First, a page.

Numéro
J. Phys. I France
Volume 5, Numéro 6, June 1995
Page(s) 639 - 656
DOI https://doi.org/10.1051/jp1:1995157
DOI: 10.1051/jp1:1995157
J. Phys. I France 5 (1995) 639-656

Stress Distribution in Granular Media and Nonlinear Wave Equation

J.-P. Bouchaud1, M.E. Cates2, 3 and P. Claudin2

1  Service de Physique de l'Etat Condensé, CEA, Orme des Merisiers, 91191 Gif sur Yvette Cedex, France
2  Cavendish Laboratory, Madingley Road, Cambridge CB3 0HE, UK
3  Department of Physics and Astronomy, University of Edinburgh, King's Buildings, Mayfield Road, Edinburgh EH9 3JZ, UK


(Received 3 December 1993, extended version received 17 February 1995, accepted 27 February 1995)

Abstract
We propose phenomenological equations to describe how forces "propagate" within a granular medium. The linear part of these equations is a wave equation, where the vertical coordinate plays the role of time, and the horizontal coordinates the role of space. This means that (in two dimensions) the stress propagates along "light-cones"; the angle of these cones is related (but not equal to) the angle of repose. Dispersive corrections to the picture, and various types of nonlinearity are discussed. Inclusion of nonlinear terms may be able to describe the "arching" phenomenon, which has been proposed to explain the nonintuitive horizontal distribution of vertical pressure (with a local minimum or "dip" under the apex of the pile) observed experimentally. However, for physically motivated parameter choices, a "hump", rather than a dip, is predicted. This is also true of a perturbative solution of the continuum stress equations for nearly-flat piles. The nature of the force fluctuations is also briefly discussed.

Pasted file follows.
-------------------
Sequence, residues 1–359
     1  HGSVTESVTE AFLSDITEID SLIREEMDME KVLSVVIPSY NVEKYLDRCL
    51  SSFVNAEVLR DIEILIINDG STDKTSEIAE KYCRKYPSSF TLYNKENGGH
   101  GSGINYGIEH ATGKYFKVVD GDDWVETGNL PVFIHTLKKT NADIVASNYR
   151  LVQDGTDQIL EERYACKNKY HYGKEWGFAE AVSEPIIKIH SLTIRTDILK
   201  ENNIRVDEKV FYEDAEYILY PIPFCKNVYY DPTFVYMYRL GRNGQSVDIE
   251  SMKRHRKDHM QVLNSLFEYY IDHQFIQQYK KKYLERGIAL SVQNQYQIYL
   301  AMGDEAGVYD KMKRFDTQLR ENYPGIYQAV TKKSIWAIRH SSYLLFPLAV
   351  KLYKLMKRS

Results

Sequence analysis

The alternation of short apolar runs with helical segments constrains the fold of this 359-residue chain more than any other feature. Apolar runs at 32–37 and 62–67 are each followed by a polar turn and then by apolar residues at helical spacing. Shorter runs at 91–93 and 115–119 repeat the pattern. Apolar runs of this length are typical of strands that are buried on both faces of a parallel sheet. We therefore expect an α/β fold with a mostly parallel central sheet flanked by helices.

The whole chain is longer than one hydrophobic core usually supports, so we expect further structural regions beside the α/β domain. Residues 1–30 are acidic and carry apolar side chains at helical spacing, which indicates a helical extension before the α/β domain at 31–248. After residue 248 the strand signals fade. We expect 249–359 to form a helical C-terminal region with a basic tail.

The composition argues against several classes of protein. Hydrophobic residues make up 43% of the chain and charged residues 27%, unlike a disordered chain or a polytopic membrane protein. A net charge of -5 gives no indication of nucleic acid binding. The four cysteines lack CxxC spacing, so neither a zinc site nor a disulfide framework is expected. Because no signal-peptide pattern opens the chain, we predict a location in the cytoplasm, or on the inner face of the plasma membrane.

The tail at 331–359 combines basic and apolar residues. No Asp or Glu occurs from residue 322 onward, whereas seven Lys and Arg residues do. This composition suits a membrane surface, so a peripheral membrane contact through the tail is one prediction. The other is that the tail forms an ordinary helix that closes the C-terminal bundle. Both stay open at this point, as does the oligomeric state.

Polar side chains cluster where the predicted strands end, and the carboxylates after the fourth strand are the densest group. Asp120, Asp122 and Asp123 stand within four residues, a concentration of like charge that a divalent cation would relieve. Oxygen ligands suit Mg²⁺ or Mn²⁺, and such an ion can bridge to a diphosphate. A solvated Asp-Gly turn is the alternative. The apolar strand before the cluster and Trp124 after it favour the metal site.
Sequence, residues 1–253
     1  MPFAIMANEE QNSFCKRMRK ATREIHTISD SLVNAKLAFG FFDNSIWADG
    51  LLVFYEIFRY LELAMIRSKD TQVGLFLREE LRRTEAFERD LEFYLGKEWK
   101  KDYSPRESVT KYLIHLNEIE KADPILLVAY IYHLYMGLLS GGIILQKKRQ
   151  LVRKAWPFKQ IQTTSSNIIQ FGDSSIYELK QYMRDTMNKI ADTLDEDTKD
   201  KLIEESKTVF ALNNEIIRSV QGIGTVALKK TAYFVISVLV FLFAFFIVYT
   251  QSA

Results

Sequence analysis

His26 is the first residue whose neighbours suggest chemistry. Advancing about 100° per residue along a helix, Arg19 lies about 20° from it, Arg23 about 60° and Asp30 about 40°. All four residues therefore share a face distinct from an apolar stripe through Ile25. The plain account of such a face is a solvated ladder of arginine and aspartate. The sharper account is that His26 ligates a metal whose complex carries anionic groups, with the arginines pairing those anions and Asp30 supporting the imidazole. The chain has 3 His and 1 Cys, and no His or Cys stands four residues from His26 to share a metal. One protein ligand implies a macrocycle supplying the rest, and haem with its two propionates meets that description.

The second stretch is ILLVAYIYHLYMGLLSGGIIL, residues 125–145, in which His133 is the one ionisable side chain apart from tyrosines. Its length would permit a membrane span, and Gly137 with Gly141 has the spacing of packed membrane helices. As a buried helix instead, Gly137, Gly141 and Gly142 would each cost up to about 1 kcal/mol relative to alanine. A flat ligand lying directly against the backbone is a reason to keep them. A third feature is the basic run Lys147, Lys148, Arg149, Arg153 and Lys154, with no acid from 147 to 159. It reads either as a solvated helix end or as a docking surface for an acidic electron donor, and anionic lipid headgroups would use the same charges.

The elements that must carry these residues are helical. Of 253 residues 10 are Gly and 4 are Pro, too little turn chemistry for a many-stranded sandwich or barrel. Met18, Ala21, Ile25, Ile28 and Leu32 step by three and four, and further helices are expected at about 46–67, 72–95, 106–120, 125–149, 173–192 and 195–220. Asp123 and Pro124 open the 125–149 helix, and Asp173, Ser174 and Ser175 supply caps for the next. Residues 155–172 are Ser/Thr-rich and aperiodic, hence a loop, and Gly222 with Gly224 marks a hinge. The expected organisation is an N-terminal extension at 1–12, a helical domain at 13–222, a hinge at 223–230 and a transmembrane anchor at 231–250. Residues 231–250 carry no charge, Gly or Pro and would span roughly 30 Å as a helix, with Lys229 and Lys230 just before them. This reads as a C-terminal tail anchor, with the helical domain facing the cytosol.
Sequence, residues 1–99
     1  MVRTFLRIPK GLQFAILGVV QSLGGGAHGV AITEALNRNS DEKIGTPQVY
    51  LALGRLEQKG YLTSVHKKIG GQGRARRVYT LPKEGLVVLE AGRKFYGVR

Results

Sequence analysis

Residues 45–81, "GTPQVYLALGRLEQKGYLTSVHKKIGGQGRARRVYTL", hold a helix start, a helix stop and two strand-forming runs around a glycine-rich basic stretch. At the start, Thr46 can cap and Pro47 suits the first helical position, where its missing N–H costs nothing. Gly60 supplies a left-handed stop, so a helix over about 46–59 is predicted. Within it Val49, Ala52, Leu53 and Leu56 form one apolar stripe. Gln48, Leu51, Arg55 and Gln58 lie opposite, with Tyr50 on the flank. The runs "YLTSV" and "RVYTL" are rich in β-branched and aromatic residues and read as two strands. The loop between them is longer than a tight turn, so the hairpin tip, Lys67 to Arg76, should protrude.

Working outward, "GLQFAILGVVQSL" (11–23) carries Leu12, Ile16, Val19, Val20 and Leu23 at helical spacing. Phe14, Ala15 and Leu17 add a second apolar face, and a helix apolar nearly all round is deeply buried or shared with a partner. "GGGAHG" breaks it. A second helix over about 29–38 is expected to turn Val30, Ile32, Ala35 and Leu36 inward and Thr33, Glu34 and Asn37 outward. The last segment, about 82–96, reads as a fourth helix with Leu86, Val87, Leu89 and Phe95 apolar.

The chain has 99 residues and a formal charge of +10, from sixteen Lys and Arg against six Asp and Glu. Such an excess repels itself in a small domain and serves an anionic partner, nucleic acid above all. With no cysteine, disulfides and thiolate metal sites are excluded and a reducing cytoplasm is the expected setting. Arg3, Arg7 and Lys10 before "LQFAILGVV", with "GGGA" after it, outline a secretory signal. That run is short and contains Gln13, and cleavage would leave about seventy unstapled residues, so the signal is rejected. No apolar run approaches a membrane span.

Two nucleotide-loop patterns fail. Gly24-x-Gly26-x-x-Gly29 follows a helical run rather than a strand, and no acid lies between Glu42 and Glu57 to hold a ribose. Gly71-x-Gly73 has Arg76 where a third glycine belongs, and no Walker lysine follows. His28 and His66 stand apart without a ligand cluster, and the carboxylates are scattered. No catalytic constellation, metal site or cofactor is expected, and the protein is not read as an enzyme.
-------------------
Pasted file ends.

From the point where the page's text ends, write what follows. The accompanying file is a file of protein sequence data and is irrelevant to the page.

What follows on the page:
© Les Editions de Physique 1995

Current usage metrics show cumulative count of Article Views (full-text article views including HTML views, PDF and ePub downloads, according to the available data) and Abstracts Views on Vision4Press platform.

Data correspond to usage on the plateform after 2015. The current usage metrics is available 48-96 hours after online publication and is updated daily on week days.

Initial download of the metrics may take a while.